and its parent company Gannett yesterday, including the reported
closing of the newspaper’s Kentucky office. As of the latest update from
more than 200 people were laid off nationwide and 11 lost their jobs at
the Cincinnati offices. The news comes just two weeks after Gannett CEO
Gracia Martore proudly claimed on July 22, “We are accelerating our transformation into the ‘New Gannett’ every day.”
Ariel Castro, the Cleveland man who held and raped three women at his house for years, yesterday was sentenced to life in prison plus 1,000 years.
A few dozen residents organized by a conservative group asked the Greater Cincinnati Port Authority
to kill Cincinnati’s parking lease at a meeting Thursday. The Port is
taking control over Cincinnati’s parking meters, lots and garages as
part of a controversial deal that will net the city $92 million up front
and $3 million or more a year afterward. CityBeat covered the lease in further detail here.
While the Port Authority meeting apparently warranted live
tweeting and various articles from several outlets, other local media outlets never covered a streetcar social that involved roughly 200 supporters of the Cincinnati streetcar and Mayor Mallory.
State officials claim average costs for health insurance
will soar by 41 percent for Ohioans who buy coverage online under
Obamacare, but experts say the state’s claims are misleading.
“These are sticker prices, and very few people will pay these prices,”
said Larry Levitt, senior vice president of the Kaiser Family
Foundation. “Many will qualify for subsidies.” The Republican officials
touting the claims of higher costs, including Lt. Gov. Mary Taylor, have opposed
Obamacare from the start.
Democratic gubernatorial candidate Ed FitzGerald is once again asking for an ethics probe
of Gov. John Kasich and JobsOhio, the privatized development
agency established by Republicans to replace the Ohio Department of
Development. Republicans claim JobsOhio is creating thousands of job in
the state, but Democrats argue the agency’s secretive nature makes it
difficult to verify whether taxpayer dollars are being effectively used.
Ohio Attorney General Mike DeWine yesterday announced a
statewide Internet cafe investigation spanning to an establishment in
Middletown. “We are still in the beginning stages of what we expect to
be a very lengthy investigation,” DeWine said in a statement. “While it
is too early in the investigation to go into specifics, we do believe
the alleged criminal activity at these locations goes beyond illegal
gambling.” Earlier in the year, Gov. John Kasich and the state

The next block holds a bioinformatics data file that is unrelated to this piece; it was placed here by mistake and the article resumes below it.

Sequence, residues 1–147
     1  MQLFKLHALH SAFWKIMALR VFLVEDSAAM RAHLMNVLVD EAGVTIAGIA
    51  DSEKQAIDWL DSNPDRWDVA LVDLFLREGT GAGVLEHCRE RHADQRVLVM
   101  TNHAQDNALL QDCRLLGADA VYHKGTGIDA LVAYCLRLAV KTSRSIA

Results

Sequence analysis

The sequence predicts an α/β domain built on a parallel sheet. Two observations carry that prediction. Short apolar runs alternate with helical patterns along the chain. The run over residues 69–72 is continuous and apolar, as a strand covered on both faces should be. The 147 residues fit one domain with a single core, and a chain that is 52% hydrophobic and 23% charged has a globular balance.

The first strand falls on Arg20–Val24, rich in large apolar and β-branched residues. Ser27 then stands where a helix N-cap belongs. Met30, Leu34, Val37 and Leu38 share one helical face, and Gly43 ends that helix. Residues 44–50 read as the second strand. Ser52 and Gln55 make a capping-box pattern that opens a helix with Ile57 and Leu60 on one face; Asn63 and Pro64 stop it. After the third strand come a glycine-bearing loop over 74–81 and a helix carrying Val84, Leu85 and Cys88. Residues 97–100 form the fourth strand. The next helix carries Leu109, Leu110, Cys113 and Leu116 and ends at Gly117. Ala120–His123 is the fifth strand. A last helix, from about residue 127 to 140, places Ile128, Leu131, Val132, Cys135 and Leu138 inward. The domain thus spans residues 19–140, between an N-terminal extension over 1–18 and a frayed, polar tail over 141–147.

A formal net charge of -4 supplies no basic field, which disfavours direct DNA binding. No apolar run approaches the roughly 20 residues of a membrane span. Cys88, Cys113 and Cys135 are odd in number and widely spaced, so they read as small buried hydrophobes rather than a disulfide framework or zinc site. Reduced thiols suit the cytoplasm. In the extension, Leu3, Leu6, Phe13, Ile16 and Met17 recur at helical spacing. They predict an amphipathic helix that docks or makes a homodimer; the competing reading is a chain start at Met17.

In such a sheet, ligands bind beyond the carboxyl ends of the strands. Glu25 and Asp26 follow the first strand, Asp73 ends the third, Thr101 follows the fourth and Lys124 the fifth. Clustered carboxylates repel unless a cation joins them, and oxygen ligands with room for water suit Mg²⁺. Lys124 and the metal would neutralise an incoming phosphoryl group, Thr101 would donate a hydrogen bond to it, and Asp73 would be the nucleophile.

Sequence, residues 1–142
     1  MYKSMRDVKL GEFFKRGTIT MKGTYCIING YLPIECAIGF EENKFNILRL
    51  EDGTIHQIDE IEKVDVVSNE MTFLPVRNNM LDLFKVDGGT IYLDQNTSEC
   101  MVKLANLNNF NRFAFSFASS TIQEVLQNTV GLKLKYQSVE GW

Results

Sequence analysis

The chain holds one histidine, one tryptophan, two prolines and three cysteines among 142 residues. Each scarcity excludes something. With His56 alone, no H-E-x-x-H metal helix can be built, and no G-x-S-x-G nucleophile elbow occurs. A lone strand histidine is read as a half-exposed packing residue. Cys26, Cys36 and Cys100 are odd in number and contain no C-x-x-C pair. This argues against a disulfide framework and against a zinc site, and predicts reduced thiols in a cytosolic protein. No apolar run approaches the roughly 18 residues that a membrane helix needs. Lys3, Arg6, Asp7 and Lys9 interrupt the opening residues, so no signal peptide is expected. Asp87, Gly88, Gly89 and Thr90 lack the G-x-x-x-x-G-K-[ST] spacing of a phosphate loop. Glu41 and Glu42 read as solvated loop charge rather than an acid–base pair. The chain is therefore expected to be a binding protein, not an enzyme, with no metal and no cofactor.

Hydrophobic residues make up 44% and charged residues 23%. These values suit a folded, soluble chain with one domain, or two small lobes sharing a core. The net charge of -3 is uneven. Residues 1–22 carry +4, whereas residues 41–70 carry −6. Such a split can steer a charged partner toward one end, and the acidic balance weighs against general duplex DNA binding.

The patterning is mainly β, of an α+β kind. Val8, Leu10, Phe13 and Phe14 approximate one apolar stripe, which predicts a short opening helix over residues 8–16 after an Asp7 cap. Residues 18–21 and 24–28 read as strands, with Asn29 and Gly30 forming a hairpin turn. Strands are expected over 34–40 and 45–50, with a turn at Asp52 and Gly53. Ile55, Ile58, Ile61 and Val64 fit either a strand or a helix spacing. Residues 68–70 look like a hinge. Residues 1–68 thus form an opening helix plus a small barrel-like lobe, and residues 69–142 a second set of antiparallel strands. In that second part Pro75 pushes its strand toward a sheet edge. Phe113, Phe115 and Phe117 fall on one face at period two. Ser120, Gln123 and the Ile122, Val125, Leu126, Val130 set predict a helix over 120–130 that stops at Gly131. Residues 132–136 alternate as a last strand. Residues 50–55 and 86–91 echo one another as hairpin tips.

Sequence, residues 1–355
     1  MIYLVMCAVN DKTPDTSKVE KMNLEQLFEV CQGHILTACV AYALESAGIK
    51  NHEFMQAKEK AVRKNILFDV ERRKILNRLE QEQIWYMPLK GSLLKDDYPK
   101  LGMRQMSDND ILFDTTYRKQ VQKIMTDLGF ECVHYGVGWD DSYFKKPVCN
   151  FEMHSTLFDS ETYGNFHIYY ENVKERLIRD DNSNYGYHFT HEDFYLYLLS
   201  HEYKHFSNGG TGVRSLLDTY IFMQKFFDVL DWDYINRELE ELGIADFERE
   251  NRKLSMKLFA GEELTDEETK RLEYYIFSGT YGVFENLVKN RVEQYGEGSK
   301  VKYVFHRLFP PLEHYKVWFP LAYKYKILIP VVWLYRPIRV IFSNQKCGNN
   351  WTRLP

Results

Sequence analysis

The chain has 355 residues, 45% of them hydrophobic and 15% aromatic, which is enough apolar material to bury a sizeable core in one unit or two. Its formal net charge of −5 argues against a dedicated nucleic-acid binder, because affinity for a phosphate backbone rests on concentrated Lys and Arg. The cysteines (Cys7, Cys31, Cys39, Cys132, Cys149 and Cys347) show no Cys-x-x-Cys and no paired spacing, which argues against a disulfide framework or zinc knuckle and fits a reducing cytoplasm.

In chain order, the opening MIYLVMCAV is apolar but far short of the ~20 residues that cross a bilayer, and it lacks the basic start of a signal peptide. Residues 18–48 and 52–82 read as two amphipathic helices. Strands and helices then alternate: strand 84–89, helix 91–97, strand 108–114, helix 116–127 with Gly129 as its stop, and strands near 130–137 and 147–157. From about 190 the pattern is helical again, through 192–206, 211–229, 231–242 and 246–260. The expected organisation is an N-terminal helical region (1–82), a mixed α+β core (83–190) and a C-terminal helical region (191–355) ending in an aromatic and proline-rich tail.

legislature effectively banned Internet cafes, which they claimed were
hubs for online gambling and illegal activity.
The Ohio crime lab received about 3,300 untested rape kits
from law enforcement around the state and found nearly 400 DNA matches
after testing more than 1,300 of the kits. DeWine says the extensive tests are
helping solve sexual assault crimes.
The Cincinnati Zoo has a region-wide economic impact of $143 million, according to a study from the University of Cincinnati’s Economics Center.
Just one day after announcing he’s quitting the mayoral race, Libertarian Jim Berns is asking to rejoin. Berns withdrew from the race
Wednesday in protest of the mayoral primary election and debate
schedule. In a statement, he said he had changed his mind because
staying in the race supposedly allows him to shed light on important issues.
Keeping Cincinnati Beautiful is offering a one-day free recycling event Saturday for hard-to-recycle items.
Evolution punishes selfish people, according to a game theory study.
by German Lopez
Posted In: News
at 02:14 PM | Permalink
Budget bill forces universities to decide between out-of-state tuition, providing documents
An amendment snuck into the budget bill passed by the
Republican-controlled Ohio House on April 18 would force public
universities to decide between charging lucrative out-of-state tuition
rates or providing out-of-state students with documents required for
voting in Ohio, raising concerns from Democrats that Republicans are
attempting to limit voting opportunities in the state once again.
The measure would force public universities to classify
students living on campus as in-state if they receive utility bills or
official letters that can be used for identification when voting in
Out-of-state tuition rates are typically higher than
in-state tuition rates, which means universities would be giving up
potentially millions in revenue to provide out-of-state students with
the proper documents.
For universities, the measure adds a financial incentive
to hold on to the documents. For out-of-state students, that could mean a
more difficult time getting the documents to vote in Ohio
Students can vote in Ohio if they have lived in the state
for at least 30 days, but voting requires proper identification and proof of residency. Utility
bills and official letters qualify, but student identification cards do
Republicans have been quick to defend the measure, while
Democrats have been quick to oppose it. For both sides, there’s a clear
political motivation: In the 2012 elections, 63 percent of Ohio voters